Insurers play a pivotal role in assessing and mitigating risks associated with sanctions violations, and adjustments to the OPC scheme were effective from 19 February for the UK and US, and for cargoes loaded from 20 February for the EU, writes Daniel Tadros, chief operating officer, The American Club.

In an era of heightened geopolitical tensions and evolving regulatory frameworks, due diligence and compliance have become cornerstones of responsible business practice within the shipping and insurance sectors. With global trade intricately woven into the fabric of international relations, adherence to sanctions regimes is not just a legal obligation but a fundamental imperative for safeguarding the integrity and stability of the maritime industry.

oil gas sustainability

Having become the primary means of enforcing foreign policy objectives, sanctions serve as a powerful tool for governments to address security concerns, deter illicit activities, and promote diplomatic objectives.

Within the shipping sector, compliance with sanctions entails navigating a complex web of regulations that govern the movement of goods, vessels, and funds across international borders.

Similarly, insurers play a pivotal role in assessing and mitigating risks associated with sanctions violations, thereby safeguarding the interests of their clients and the broader maritime community.

It is against this backdrop that we explore the recent adjustments to the Oil Price Cap (OPC) scheme, effective as of February 19, 2024 (UK and US) and for cargoes loaded on or after February 20, 2024 (EU), which mark a significant milestone in the regulatory landscape governing the transportation and insurance of Russian CN 2709 and CN 2710 cargoes.

These changes, outlined in Circular No. 05/24 of February 2, 2024, reflect a concerted effort to strengthen compliance measures and enhance transparency within the shipping industry.

Central to these amendments is the introduction of mandatory voyage attestations on a per-voyage basis. Shipowners are now required to furnish these attestations to P&I clubs within a strict 30-day timeframe from the loading date. Additionally, a new provision mandates the recording and provision of itemized price information on ancillary costs upon request, reinforcing the need for greater accountability throughout the supply chain.

A pillar of integrity

Compliance with these regulations is not merely a matter of procedural adherence; it is an essential pillar supporting the integrity and stability of the shipping sector. By upholding these standards, stakeholders demonstrate their commitment to responsible business practices and contribute to the broader efforts aimed at curbing illicit activities and promoting fair trade.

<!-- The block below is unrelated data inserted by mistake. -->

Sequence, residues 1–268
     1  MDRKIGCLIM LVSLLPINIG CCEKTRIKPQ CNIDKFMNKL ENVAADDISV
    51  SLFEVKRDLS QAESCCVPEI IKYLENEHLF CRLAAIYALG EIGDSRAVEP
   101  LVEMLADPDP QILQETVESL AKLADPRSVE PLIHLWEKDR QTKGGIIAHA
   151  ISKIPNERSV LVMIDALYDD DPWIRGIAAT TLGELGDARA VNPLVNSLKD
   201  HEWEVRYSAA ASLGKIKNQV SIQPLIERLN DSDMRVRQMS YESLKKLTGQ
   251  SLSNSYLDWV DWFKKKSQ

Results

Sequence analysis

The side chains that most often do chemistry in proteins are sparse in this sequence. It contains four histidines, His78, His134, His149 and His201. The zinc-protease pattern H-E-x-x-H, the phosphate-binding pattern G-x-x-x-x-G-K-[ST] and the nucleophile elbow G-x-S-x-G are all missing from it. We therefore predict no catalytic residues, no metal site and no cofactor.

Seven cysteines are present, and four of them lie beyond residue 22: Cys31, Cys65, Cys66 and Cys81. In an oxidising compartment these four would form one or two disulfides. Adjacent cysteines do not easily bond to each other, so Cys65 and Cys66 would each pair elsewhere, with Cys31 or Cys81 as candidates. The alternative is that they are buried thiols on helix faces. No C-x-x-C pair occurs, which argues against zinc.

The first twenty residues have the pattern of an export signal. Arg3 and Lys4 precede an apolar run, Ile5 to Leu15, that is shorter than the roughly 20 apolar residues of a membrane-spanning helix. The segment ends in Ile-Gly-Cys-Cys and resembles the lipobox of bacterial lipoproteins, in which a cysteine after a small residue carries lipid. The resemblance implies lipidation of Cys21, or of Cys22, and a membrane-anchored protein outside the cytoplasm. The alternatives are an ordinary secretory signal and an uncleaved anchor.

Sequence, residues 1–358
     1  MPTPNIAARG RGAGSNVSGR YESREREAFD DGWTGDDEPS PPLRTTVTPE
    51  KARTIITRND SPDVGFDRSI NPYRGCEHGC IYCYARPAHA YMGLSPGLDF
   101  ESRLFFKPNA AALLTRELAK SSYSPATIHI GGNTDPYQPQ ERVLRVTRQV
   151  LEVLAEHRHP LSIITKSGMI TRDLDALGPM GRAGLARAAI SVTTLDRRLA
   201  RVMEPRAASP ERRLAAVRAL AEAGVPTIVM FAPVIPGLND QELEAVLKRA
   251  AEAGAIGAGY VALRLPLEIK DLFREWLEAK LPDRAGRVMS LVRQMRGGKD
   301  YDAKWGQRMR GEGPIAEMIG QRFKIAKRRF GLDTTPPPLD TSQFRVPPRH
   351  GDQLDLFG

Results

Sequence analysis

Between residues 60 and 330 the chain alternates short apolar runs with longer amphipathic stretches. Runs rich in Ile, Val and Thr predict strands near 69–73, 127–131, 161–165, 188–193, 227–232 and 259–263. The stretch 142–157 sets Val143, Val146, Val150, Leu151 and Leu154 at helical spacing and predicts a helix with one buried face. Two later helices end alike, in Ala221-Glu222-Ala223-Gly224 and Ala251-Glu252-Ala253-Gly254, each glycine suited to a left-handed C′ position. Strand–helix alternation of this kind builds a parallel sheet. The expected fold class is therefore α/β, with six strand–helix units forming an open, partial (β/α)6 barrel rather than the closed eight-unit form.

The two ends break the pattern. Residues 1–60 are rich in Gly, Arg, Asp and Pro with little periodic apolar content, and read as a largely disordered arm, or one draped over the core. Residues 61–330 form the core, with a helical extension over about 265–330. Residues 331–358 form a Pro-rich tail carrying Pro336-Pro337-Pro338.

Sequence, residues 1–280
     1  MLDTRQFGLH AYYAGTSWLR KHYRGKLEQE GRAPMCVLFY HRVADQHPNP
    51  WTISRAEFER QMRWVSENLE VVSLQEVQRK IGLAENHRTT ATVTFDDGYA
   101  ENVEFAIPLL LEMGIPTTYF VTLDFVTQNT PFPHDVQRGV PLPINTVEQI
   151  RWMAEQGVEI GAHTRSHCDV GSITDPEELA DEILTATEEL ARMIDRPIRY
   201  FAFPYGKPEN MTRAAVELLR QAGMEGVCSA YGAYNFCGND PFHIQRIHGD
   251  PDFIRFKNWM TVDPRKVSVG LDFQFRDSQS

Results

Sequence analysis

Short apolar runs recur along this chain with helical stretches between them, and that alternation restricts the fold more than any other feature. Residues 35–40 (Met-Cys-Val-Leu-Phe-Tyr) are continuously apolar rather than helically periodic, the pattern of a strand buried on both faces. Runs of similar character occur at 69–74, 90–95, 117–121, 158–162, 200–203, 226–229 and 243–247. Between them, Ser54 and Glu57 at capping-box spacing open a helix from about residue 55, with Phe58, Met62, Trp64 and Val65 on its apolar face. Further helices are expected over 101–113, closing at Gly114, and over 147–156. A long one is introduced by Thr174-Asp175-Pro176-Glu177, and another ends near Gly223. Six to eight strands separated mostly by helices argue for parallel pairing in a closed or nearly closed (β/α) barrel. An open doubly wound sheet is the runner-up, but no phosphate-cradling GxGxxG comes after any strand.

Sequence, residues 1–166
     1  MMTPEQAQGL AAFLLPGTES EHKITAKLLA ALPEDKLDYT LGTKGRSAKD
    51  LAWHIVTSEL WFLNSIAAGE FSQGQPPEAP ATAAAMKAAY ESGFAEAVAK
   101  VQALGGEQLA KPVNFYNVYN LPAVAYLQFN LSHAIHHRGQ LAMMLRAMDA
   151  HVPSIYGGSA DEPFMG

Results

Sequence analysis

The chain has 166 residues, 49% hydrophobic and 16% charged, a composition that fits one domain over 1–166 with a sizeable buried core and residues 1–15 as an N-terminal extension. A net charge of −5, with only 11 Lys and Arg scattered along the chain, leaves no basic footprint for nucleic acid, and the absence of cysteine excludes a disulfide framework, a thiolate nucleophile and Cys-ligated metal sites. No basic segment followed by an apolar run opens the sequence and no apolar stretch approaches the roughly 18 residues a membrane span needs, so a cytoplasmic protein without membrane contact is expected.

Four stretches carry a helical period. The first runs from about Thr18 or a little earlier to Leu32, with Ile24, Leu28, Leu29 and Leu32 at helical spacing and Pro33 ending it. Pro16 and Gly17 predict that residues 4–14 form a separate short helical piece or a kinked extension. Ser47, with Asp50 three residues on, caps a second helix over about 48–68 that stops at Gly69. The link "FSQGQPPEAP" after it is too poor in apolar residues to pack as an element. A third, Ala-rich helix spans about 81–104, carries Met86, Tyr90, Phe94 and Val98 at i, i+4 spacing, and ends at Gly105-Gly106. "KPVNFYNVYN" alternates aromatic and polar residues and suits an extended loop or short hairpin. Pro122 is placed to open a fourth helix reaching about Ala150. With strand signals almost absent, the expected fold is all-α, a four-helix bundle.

The issuance of the Oil Price Cap Compliance and Enforcement Alert by the Price Cap Coalition on February 1, 2024, further underscores the significance of regulatory compliance in safeguarding the interests of all stakeholders involved in the trade of Russian oil and oil products. This alert serves as a timely reminder of the evolving nature of regulatory requirements and the imperative for industry participants to remain vigilant in their compliance efforts. Industry participants have been reminded time and again of their non-delegable duty to perform due diligence, including deep dive “know your customer” and “know your customer’s customer,” prior to engaging in any venture.

The fear of course being that “bad” actors take advantage of the good reputation and name of marine stakeholders to further their sanctions’ breaking intent. Considering the risks associated with being accused of breaking sanctions by anyone of the regulatory bodies, but especially US Treasury Department’s OFAC (where strict liability applies), stakeholders should be vigilant in their due diligence investigations and certainly should maintain records of their findings to defend against any regulatory audit.

Insurers play a pivotal role in supporting the shipping sector’s compliance initiatives. Through proactive risk assessment, enhanced due diligence, and robust monitoring mechanisms, insurers help mitigate potential liabilities and ensure adherence to regulatory standards. Moreover, insurers serve as valuable partners in providing guidance and support to their members, facilitating a collaborative approach to compliance that strengthens the resilience of the entire industry.

The recent amendments to the OPC scheme and the issuance of the Oil Price Cap Compliance and Enforcement Alert underscore the critical importance of regulatory compliance in the shipping sector. By proactively actioning these changes and prioritizing compliance efforts, stakeholders can uphold the integrity of their operations, mitigate risks, and contribute to a safer, more transparent global shipping environment, while at the same time avoiding any branding by the regulators of circumventing sanctions’ regimes.